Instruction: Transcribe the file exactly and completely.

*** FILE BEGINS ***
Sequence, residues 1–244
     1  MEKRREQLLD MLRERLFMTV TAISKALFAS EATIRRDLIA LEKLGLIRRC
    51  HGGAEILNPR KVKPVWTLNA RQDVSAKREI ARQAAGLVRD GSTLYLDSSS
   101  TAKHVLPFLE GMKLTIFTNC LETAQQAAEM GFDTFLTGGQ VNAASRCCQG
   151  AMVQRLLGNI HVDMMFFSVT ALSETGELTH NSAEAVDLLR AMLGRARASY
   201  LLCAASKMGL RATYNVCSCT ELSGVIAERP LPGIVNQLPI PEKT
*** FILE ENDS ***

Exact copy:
Sequence, residues 1–244
     1  MEKRREQLLD MLRERLFMTV TAISKALFAS EATIRRDLIA LEKLGLIRRC
    51  HGGAEILNPR KVKPVWTLNA RQDVSAKREI ARQAAGLVRD GSTLYLDSSS
   101  TAKHVLPFLE GMKLTIFTNC LETAQQAAEM GFDTFLTGGQ VNAASRCCQG
   151  AMVQRLLGNI HVDMMFFSVT ALSETGELTH NSAEAVDLLR AMLGRARASY
   201  LLCAASKMGL RATYNVCSCT ELSGVIAERP LPGIVNQLPI PEKT